Additional thanks to: the entire Fiedler and White families, especially John, Landen, and Logan Davis, Natalie Fiedler and the newest addition to our wonderful family, Emily Ann; Leo Belill, Matt Davis, Mike and Amy Deitch, Jesse Elliot, Bill Greenwood, Jen Sabol Hall, Ryan Hanratty, Matt Hoffer, Scott Kammerer, Matt Kelly, Bill and Maureen Lambusta, Erin Lamy, Cara Latham, Scottie and Jeanine Maloney, Jim McGee, Jeremy McKeen, Drew Novelli, Joanne "Mama Jo" Petrillo, Matt Pischl, Sheelagh Ruane, and Mike Virok for all going out of your way on several occasions in the past year to encourage me to keep at this music thing and keeping my spirits alive through this rebuilding year for the project. Thanks as well to any of you who have ever taken the time to download one of these records or even to leave us an encouraging note or comment on our website! Just knowing that there's someone out there who pays any attention to what we're doing and reads our updates or downloads and listens to our recordings makes a really huge difference in keeping this songwriter inspired to keep performing, which, in turn, makes a big difference in the number of people whose lives we can touch through this ongoing charity project of mine, so thank you for that!
THE STORIES BEHIND THE SONGS:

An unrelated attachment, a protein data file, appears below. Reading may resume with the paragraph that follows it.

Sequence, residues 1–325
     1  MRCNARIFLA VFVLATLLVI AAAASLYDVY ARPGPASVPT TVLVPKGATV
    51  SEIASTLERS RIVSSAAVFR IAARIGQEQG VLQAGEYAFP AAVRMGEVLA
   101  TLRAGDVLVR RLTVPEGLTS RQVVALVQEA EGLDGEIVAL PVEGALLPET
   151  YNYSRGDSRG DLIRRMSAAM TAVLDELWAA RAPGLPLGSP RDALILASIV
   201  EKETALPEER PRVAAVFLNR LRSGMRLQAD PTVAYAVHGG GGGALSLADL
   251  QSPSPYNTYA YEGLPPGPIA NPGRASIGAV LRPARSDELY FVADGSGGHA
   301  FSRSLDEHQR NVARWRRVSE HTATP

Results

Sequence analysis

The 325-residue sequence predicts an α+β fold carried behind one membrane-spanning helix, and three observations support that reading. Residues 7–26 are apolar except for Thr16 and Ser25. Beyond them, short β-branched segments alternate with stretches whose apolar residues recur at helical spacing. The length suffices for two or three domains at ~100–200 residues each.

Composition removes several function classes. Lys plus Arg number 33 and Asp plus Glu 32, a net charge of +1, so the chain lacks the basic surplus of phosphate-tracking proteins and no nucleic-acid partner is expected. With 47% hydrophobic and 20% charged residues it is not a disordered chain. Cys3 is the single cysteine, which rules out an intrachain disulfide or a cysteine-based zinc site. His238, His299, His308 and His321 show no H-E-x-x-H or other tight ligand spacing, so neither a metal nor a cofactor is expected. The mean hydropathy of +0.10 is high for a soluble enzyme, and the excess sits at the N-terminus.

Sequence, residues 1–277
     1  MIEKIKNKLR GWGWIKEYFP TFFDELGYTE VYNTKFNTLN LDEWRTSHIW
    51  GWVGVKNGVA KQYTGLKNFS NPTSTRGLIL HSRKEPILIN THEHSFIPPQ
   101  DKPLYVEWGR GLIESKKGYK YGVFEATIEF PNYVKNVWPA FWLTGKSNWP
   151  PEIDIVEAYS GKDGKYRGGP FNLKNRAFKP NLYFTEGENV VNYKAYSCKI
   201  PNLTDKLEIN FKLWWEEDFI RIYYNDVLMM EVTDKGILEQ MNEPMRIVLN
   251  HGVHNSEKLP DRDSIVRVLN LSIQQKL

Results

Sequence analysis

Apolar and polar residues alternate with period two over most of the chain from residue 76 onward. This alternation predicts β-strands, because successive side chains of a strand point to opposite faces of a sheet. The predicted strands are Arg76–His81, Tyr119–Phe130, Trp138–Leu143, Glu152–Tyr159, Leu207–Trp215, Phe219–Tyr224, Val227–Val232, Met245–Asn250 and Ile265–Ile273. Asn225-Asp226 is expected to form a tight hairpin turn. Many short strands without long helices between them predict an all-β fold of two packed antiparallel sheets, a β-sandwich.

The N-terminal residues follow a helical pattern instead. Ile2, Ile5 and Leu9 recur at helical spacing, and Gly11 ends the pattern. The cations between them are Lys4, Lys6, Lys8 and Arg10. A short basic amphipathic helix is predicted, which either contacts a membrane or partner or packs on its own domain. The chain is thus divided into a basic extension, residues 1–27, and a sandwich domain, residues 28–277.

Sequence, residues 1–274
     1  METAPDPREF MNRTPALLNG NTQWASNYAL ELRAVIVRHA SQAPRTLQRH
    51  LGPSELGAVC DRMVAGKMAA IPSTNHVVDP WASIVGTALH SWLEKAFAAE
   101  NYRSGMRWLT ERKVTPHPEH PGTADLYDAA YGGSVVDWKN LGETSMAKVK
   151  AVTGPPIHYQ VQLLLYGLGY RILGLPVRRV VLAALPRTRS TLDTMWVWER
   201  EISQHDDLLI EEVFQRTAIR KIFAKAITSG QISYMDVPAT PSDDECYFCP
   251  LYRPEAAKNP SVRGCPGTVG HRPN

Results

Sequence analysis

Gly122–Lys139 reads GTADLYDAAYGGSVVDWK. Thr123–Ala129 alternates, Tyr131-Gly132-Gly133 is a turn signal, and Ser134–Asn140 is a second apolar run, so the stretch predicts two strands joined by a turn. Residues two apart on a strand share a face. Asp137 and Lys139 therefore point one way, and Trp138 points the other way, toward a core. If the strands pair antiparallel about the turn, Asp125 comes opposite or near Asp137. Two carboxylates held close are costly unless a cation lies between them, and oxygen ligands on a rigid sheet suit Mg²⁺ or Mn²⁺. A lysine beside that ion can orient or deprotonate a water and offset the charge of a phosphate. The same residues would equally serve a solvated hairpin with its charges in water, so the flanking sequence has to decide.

"Windsor Diaries": Written back in '03 on a train ride from Rome to Florence. The title is never actually used in the song, though you can hear me saying, "Sorry, Winds!" at the end of the song. The title was the first thing that came to me, and I didn't know what to do with it at first, but then I remembered that there was a girl in my high school graduating class by the name of Windsor, so I thought I could simply write a story-song where the central female character had that name and kept a diary which would be central to the plot. (The chorus, if you listen carefully, is a synopsis of a week's worth of entries from the diary in question.) Because it’s such a terribly uncommon name, I thought it would be particularly funny if I inserted myself into the song and wrote a story about an alternate and fictional version of my teenaged self snooping through a girl’s diary on a regular basis while her bookbag is unattended, if just for the hilarity of making my former classmates who hear this song wonder “Wait, did this really happen? Did Jeff snoop through Windsor’s diary?” As much as I’d love to tell you that the ending of the song really happened (both the story and song have particularly funny endings), the entire story is purely made up, and I neither have ever actually read a girl’s diary, nor did I ever actually have any sort of interaction with the song’s namesake in all the time I was in high school, so I very highly doubt she would know who I was if you mentioned my name to her, and I couldn’t actually tell you a thing about her myself. All the same, she has my eternal gratitude for inspiring the lyrics of this longtime fan favorite. The music for this one was inspired by Cutting Crew's "One for the Mockingbird," one of my favorite lost hits of the '80s.